A few nights ago, we finished our prayer time and Kenna and Alexa ran off to their beds. Nathan, however, remained seated where our prayer circle had been. He had the look on his little face that means he’s lost in thought.
“What’s up, buddy?” I asked him.
“Mommy, God doesn’t always heal. Sometimes it’s medicine, right?”
One of the things we had just prayed about was that Nathan would get well quickly from his cough. Earlier in the day, I had given him some medicine. I was pretty surprised that at age 4 he was contemplating the relationship between God’s work and human work! I was even more surprised at how unprepared I was to respond to his question.
“Well, God is the one who created the doctors and gave scientists the knowledge to make the medicine.”
Hmmm…not a great answer. God did do those things, but if that’s all that’s necessary, why did we just bother to pray for healing? I tried again.
“But here’s the thing. Even though God gives us doctors and medicine, that’s not always enough for our bodies to heal. Sometimes they are too broken. We don’t always know when medicine will work, so we want to ask God to heal us too.”
Oh gosh. Even worse answer. Now I’ve made the effects of medicine seem completely ambiguous and reduced God to a medical insurance policy for when medicine falls through. I tried again.
“The Bible doesn’t tell us how exactly prayer works, but it does tell us to pray all the time and bring all our worries to God. So that’s what we do each night.”
Sigh. That’s true, but it feels like such an unsatisfactory answer.
Truth be told, Nathan’s question only scratches the surface of prayer questions I have. Consider the tragedy in Boston this week. When I have no idea how to pray in such circumstances, I ask for things like God’s peace and comfort for those who were hurt. If I didn’t pray, would God not give those people peace on His own? Is there some critical mass, where if 10,236 people pray for peace, God answers, but not before that? Does God add one more person to the “receive more peace” list each time He receives a new prayer? Does He comfort someone just a little if no one prays, but more and more when lots of people are praying?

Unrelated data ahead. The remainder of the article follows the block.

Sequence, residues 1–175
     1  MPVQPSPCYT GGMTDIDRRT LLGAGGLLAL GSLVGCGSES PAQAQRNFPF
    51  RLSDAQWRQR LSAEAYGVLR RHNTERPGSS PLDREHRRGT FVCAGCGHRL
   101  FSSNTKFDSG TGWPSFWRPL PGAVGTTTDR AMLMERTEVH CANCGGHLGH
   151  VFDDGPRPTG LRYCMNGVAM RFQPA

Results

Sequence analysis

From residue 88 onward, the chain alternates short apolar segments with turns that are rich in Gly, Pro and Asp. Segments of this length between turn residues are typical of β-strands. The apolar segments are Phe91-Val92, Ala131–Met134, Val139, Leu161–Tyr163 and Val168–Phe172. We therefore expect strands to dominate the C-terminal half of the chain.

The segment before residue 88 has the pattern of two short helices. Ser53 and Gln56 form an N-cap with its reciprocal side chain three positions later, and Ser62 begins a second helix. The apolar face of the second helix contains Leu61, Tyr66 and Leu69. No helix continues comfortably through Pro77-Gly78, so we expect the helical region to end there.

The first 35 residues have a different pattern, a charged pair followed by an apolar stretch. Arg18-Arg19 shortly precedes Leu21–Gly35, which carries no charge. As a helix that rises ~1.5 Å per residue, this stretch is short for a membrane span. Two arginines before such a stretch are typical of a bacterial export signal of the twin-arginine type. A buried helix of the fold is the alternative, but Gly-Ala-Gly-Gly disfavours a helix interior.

I don’t mean to sound sarcastic. These are genuine questions that parade in the back of my mind when I really think about the nature of prayer. Perhaps you can relate.
I’ve spent most of my life pushing those questions to the back of my mind because I assumed I just wasn’t spiritually mature enough to have a better grasp of the possible answers. I thought I just didn’t get it. But I realized recently it’s not just me who doesn’t have those answers. None of us do. Because the Bible never tells us how prayer “works.”
Think, for a moment, of the prayer process as a machine with 3 parts: 1) Our prayers (the input), 2) God’s consideration of those prayers (the inner machine that uses the input) and 3) God’s answers (the output).
The Bible does tell us quite a bit about the input into the process – our prayers. It tells us how often to pray (constantly!) and gives us examples of how we should pray, what we should pray for and whom we should pray for. It also gives us examples of the output – answered and unanswered prayers.
But what does the Bible tell us about how God considers those prayers – taking into account the entirety of His perspective, His working together of millions of prayers, the role of an individual’s prayer vs. the collective prayers of others for that person, etc.? Nothing. We simply don’t know how God’s “prayer machine” works.
It’s funny that, despite the absolute lack of information we’re given about how prayer works, we are quite concerned with the prayer machine’s efficiency. In the world of real machines, efficiency refers to how much good output you get relative to the input. We often treat prayer as a machine by analyzing the potential efficiency of various prayer choices; we try to figure out what topics and words we can input that will produce the most desirable output from God.
We do this because we don’t want to feel like our words are simply inputs into a machine with no output. That would be too inefficient for us. We want to be productive people, never wasting time on something without an understandable or measurable return. We want to contribute meaningful input to get meaningful output.
The problem is, we have no actual ability to create “efficient” prayers. A machinist would tell you that you can’t control efficiency without understanding the machine’s process. Similarly, without the knowledge of God’s process, we have no ability to control the “output” with our “input.”
Perhaps that’s precisely why God kept his “prayer machine” a mystery. If we understood all the pieces, we would only need to rely on our correct inputs rather than God’s sovereignty.
The fact that the Bible tells us over and over to pray while giving us little knowledge of how God actually uses our prayers leaves me with the conclusion that prayer is overwhelmingly about humility. It’s a posture of total trust placed not in anything we do or say, but in the power of God’s sovereignty. It’s an understanding that God is God and we are not. It’s a gratitude that God has even chosen to hear us.
May we all march on as prayer warriors who understand that participation is our role, not battle management.